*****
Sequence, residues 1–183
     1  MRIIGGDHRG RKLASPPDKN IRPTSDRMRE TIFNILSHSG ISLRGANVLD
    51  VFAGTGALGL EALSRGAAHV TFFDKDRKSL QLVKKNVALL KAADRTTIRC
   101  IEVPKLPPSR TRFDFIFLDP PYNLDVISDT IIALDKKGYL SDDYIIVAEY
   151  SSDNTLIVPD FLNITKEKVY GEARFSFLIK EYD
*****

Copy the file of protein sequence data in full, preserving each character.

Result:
Sequence, residues 1–183
     1  MRIIGGDHRG RKLASPPDKN IRPTSDRMRE TIFNILSHSG ISLRGANVLD
    51  VFAGTGALGL EALSRGAAHV TFFDKDRKSL QLVKKNVALL KAADRTTIRC
   101  IEVPKLPPSR TRFDFIFLDP PYNLDVISDT IIALDKKGYL SDDYIIVAEY
   151  SSDNTLIVPD FLNITKEKVY GEARFSFLIK EYD